Hidden in Plain Sight: Women and Urban Design in the 1940s–1970s

Thu, Apr 23, 2015, 5:00 pm

Hidden in Plain Sight:
Women and Urban Design in the 1940s–1970s
Alison Isenberg, Professor of History, Princeton University

Thursday, April 23 / 5:00pm
School of Architecture, N107

Alison Isenberg (Professor of History and Co-Director of the Princeton-Mellon Initiative in Architecture, Urbanism, and the Humanities) will discuss her research on gender and urban design in San Francisco, during postwar decades dominated by urban renewal and its backlash. During these years, women took leadership roles in urban design experimentation through allied fields such as architectural model-making, public relations, graphic design, property management, and public art. For good reason, architecture has been widely regarded as a stubbornly "male-dominated" field, but focusing systematically on the transformative edges of professional design during these decades suggests otherwise. In this light, the fact that influential urban critics such as Jane Jacobs and Ada Louise Huxtable were women becomes relatively unremarkable. How does narrating women's leadership before women's liberation induce reassessment of second-wave feminism's impact on the design professions? Does this merely "add women" in to the existing history, or does it fundamentally change that history? What relevance does the 1940s–1970s period have for today's debates over gender, architecture, and design? The thirty minute presentation is intended to provoke discussion.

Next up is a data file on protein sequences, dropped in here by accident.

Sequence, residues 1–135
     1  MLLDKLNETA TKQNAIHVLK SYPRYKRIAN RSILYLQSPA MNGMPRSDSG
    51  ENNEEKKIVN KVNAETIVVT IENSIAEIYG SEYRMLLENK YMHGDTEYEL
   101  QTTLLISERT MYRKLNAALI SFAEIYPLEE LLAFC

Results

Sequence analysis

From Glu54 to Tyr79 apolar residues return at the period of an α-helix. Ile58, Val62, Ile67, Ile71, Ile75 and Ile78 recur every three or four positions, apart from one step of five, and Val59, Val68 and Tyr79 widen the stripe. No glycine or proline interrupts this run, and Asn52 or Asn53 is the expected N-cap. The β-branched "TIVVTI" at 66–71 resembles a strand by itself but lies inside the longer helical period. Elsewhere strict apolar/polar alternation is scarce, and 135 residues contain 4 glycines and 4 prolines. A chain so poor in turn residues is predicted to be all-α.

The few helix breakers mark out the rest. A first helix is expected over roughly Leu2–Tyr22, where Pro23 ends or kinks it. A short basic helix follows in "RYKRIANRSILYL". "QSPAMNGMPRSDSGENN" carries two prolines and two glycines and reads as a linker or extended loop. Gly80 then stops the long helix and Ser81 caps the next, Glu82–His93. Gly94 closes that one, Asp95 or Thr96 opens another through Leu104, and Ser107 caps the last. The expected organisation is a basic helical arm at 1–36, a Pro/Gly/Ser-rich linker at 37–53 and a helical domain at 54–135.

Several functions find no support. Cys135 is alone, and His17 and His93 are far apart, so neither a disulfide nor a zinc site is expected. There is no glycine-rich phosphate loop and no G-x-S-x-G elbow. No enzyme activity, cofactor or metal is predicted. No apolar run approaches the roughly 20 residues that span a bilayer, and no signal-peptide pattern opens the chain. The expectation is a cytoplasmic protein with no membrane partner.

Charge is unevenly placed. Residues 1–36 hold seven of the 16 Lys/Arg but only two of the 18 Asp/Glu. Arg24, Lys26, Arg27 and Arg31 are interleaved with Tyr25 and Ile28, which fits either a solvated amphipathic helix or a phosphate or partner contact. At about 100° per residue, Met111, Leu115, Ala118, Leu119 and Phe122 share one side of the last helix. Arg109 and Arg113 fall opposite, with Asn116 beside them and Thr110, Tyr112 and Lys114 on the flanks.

Prof. Alison Isenberg is a Professor of History and the Co-Director of the Princeton-Mellon Initiative in Architecture, Urbanism, and the Humanities. She is the author of the award winning book Downtown America: A History of the Place and the People Who Made It, and her scholarship traces the roles of culture, economy, and place in shaping American cities. Professor Isenberg is an Affiliated Faculty member in the program in Gender and Sexuality Studies, Faculty Associate at the Woodrow Wilson School and Co-Director of the Urban Studies Program, and sits on the Executive Committee of the American Studies Program. She holds a Ph.D. in History from the University of Pennsylvania and a B.A. from Yale University.

Women in Design and Architecture
The goal of Women in Design and Architecture is to provide graduate-level students with a forum for discussing the issues that face women pursuing design and architecture today. Through its programs, this group hopes to highlight the achievements of women, engender professional and social networks, raise awareness and empower women to tackle issues they may encounter both academically and professionally.

School of Architecture, N-107